My fellow Malawians, criticizing government and speaking on issues that matter is not about having previously teamed up in the trenches with anyone. It is about having the courage and the presence of mind to speak out. Period.

  • The author is a barrister of Middle Temple, governance specialist and author of Trappings of Power: Political Leadership in Africa.
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GOGO
Guest

Uku sikuchenjer mr Ntata Ndale ufunse a Sam Mpasu

The Objective Person
Guest
My salute Mr Z. Allan Ntata. You have proved to be a hard nut to crush by these sunday journalists that is why instead of debating issues raised they gang for attacks on personality. Do not lose your sleep they are on their payrol simply for character assasination. You are very sound and clear here that you were in government during Bingu’s time and it was difficult to pull a trigger against oneself for the sake of job. This time he is able to point out what is wrong. People are forgetting that we had good judgement in Mavuto Bamusi… Read more »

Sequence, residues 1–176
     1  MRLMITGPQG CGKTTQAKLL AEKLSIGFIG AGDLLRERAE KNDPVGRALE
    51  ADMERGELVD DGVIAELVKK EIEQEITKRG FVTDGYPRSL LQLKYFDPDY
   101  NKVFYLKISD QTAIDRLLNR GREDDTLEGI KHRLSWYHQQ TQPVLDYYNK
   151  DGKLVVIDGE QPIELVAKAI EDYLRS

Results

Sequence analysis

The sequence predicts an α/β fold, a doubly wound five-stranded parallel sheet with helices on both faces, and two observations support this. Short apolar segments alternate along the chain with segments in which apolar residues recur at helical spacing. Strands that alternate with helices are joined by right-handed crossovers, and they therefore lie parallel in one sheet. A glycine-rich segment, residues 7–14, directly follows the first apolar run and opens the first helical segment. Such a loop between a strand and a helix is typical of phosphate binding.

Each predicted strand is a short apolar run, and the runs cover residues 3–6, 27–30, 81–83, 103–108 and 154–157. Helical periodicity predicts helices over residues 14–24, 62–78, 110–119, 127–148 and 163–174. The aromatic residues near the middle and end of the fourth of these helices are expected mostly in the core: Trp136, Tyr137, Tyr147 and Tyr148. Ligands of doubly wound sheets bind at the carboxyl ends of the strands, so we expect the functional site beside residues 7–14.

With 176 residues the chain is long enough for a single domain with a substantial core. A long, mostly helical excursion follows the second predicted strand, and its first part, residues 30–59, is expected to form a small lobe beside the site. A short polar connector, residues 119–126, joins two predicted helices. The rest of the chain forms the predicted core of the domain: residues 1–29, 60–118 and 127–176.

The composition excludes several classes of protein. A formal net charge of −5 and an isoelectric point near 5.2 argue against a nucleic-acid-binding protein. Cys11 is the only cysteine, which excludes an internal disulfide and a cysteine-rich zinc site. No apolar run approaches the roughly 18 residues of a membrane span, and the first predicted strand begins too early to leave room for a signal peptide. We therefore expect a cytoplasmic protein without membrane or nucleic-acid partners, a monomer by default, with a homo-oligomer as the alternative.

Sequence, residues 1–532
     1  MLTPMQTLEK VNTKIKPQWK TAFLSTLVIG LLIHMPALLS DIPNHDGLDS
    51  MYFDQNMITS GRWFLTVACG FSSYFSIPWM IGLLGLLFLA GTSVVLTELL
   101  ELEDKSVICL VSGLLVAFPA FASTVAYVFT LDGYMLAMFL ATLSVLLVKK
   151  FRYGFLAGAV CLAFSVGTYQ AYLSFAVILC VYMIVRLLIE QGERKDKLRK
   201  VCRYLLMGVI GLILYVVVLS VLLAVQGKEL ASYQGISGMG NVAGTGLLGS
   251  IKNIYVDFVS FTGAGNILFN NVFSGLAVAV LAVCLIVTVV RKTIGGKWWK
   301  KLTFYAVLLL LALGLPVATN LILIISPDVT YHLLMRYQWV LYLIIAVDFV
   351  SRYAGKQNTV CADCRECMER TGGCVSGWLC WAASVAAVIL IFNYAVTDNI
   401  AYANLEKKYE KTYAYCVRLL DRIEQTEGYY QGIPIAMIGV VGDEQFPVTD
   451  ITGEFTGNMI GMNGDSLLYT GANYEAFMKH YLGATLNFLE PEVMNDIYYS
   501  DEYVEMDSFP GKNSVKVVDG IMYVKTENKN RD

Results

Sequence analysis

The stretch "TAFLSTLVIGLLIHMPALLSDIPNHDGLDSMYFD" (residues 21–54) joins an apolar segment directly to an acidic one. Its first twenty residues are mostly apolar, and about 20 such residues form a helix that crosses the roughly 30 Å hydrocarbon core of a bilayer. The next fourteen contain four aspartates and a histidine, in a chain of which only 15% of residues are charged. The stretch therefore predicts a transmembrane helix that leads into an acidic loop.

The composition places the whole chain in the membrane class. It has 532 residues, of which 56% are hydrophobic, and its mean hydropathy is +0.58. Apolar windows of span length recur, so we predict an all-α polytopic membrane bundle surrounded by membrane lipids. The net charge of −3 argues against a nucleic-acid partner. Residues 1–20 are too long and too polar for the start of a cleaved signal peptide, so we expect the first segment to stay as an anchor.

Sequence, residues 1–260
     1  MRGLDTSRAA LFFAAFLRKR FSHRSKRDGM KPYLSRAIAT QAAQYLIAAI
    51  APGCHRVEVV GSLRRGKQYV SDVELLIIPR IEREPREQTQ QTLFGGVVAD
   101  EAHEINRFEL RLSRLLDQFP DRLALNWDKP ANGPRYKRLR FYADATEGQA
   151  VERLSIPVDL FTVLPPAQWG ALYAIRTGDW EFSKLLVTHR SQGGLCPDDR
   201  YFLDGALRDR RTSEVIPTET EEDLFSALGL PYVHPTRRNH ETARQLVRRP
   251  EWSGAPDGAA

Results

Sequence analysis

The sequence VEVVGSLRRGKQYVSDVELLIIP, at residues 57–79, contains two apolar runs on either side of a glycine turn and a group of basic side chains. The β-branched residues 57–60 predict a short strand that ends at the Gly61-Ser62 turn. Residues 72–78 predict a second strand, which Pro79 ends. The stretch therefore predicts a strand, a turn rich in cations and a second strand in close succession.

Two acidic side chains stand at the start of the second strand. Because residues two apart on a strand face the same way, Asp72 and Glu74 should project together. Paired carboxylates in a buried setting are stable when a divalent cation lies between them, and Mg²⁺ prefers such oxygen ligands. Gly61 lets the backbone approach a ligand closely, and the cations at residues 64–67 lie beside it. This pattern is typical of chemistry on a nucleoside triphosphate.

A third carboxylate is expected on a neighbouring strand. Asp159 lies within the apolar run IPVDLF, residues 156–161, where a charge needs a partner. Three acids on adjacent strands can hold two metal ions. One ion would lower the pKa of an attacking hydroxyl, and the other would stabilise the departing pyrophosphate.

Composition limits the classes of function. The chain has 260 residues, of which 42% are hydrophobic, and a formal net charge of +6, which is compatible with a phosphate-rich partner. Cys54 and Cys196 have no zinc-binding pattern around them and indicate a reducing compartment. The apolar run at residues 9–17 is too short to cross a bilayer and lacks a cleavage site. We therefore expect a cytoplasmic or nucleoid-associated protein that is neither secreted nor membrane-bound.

point blank
Guest

Ntata vindicated on MSB sale. I thought you were talking out of anger.

abinte
Guest

where were you when we needed pple of that cariba.u wea enjoyin wit bingu.iweyo ndi amene umamupatsa bingu makani.ndiwe zoba kwambiri.

Lt. FRAZER CHAKHAZA (RTD)
Guest
Lt. FRAZER CHAKHAZA (RTD)
I have now get accustomed to Z. Allan Ntata’s articles and his critics but one thing I strongly agree with him what he writes in his articles is that it is true that in Malawi anyone criticizing the government is labeled an enemy of government. Ntata is not criticizing government as an individual or a group of individual personalities NO. What he is critical of is the failure by government to change the way it runs or governs this country. We are talking of governance issues here and polices. It’s not about Peter Mutharika, George Chaponda, Nankhumwa, Kasaila or Kaliati… Read more »
Mvemvemve
Guest